Best Practices for Writing on the Web
Wednesday, April 29th, 2009 by
| Filed Under: Web Design
Are you an aspiring web designer? Plan on penning your own blog sometime in the future? Let these handy web writing tips be your guide!
Enable People to Scan Through Writing
People scan through web pages hunting for specific information or anything that intrigues them. This reading style is very different to the reading style of a person enjoying a novel. However, there is one similarity and that is both types of communication media require you to write to your audience. And, that’s where the similarities end.
An output of the Requirements Gathering phase should be a document that mentions the profile of the audience. Use this analysis to determine the writing style. If the website caters to multiple audience, then each section would have its own audience analysis and hence a unique writing style. The audience analysis will also help you determine the acceptable jargon and abbreviations. If you do intend to use “unknown” abbreviations, then here is how it is done.
Keep It Short and Simple (KISS)
If you can communicate an idea in fewer words then do so! Why make your audience read more. Web writing always needs to be clear and concise. Avoid using complex sentence structures, long words, and slang. Your writing should always be in active voice. The KISS principle can be expanded further beyond sentence structures to paragraphs.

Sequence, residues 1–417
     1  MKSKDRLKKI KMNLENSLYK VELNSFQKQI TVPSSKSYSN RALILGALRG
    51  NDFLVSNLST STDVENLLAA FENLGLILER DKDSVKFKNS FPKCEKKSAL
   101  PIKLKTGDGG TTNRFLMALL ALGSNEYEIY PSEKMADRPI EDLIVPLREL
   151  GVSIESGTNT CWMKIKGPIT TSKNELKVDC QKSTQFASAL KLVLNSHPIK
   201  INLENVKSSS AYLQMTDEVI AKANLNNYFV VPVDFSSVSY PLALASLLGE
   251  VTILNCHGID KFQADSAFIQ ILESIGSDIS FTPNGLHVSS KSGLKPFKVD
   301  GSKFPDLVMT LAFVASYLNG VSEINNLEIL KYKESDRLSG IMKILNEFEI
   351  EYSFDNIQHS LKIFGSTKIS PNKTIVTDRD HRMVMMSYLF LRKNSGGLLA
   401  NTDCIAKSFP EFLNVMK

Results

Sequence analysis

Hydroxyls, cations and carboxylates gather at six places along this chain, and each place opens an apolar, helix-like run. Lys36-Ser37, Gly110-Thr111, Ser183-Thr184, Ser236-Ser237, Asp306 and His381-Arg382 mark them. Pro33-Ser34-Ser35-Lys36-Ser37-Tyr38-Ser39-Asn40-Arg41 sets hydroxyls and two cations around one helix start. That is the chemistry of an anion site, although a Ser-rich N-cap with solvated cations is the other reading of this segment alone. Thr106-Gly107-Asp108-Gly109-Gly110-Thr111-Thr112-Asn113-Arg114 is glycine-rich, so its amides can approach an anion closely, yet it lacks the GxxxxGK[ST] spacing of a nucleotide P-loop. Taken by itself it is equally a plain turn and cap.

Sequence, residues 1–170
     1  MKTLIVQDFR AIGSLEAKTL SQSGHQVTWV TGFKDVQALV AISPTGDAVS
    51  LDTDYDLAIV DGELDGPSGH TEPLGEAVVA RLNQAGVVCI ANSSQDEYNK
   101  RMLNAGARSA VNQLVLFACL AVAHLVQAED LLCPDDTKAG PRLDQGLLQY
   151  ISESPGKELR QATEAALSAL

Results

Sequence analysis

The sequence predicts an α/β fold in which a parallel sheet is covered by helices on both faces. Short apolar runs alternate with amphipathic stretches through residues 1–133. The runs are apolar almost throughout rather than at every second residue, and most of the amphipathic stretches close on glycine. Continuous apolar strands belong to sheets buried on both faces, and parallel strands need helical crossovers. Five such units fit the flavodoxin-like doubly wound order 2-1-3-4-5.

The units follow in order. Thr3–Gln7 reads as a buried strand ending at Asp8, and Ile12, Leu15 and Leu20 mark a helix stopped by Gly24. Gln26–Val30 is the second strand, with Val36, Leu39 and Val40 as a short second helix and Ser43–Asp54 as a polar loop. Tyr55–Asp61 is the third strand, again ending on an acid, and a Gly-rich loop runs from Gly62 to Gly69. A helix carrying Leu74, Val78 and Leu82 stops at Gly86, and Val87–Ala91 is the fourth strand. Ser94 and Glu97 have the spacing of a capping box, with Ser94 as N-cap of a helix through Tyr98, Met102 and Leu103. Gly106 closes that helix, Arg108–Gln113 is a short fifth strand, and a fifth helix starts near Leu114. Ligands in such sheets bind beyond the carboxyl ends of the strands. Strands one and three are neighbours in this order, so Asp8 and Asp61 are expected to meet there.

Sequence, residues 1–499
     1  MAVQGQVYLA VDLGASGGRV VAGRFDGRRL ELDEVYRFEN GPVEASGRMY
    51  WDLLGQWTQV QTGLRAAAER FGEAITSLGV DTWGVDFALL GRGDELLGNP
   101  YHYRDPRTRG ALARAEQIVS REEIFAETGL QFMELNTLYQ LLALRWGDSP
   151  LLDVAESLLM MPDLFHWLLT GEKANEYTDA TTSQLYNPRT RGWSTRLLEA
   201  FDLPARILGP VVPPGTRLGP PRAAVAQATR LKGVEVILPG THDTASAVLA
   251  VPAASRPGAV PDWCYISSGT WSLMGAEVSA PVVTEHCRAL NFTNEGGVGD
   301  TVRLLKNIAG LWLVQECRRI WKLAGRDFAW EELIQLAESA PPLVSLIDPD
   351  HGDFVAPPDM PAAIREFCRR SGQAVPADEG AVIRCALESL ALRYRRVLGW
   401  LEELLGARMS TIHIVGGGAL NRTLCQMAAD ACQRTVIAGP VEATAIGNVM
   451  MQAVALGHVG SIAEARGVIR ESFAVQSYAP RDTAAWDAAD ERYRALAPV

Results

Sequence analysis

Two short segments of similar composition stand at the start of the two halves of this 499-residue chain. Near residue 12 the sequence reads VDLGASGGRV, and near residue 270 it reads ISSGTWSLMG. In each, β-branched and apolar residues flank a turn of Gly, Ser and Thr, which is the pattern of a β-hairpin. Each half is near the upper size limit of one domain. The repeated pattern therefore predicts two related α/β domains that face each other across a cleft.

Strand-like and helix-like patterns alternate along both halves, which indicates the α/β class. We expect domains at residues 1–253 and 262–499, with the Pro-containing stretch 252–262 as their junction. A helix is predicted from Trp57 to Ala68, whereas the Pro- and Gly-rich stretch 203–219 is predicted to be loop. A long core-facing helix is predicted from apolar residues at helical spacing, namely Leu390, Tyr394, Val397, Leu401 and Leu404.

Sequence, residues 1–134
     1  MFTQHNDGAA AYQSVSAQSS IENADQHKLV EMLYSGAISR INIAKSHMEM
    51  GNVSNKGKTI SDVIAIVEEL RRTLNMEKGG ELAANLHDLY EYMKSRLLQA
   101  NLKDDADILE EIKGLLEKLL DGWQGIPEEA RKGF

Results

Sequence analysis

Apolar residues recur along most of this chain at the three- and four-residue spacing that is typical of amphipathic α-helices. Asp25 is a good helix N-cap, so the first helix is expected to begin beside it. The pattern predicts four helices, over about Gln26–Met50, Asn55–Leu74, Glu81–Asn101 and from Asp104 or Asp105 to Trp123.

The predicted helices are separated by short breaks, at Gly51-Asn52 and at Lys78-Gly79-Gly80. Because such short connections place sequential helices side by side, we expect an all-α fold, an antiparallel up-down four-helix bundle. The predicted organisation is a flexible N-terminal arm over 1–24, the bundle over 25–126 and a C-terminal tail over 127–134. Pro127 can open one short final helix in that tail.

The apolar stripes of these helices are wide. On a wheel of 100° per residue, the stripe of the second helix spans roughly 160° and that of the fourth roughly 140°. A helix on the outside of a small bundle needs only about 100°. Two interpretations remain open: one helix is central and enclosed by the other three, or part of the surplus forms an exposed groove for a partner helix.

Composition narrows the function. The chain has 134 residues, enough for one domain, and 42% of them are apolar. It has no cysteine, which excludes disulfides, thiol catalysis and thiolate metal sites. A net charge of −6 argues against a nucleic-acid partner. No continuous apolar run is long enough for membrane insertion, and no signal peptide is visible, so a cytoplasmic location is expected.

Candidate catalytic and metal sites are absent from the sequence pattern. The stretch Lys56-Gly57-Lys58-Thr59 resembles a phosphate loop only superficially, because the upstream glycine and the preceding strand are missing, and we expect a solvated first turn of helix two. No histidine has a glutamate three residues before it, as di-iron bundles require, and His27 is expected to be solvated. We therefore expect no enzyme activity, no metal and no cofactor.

One Idea, One Paragraph
Communicating multiple ideas in a paragraph makes it harder for the reader to comprehend. The millisecond break between paragraphs enables readers to digest the ideas being communicated. In addition, if the paragraph is too long, the reader might just skip it altogether and return to scanning mode. Therefore, limit the length of paragraphs to six sentences (Spyridakis, 2000) and you’ll dramatically increase readability and improve retention.
This theory is also applicable to lists…
Seven Items or Less, One List
Lists enable fast reading and improved retention. However, if they are too long they might not serve the purpose. The longer the list; the lower the retention. Limit the list size to a maximum of seven items (Miller, 1958). You can reduce the list by chunking the items into categories. This is also true for writing instructions. This enables higher retention and faster reading.
Now, I know you must be wondering, “But, web users scan!”
Scanning First, Read Second
The way you write should enable people to scan and get intrigued to read. To increase the probability of getting a person to read the content, you should write the content in a manner that enables scanning.
All the practices described in this article enable a reader to scan and find relevance in the content faster. Other techniques include using descriptive paragraph headings and highlighting keywords by using emboldened text. Scan back and you’ll see each paragraph starts with a descriptive heading and each paragraph also has bolded text. These are some practices that enable the rolling stone to pause just a little longer. ~Rupen Sharma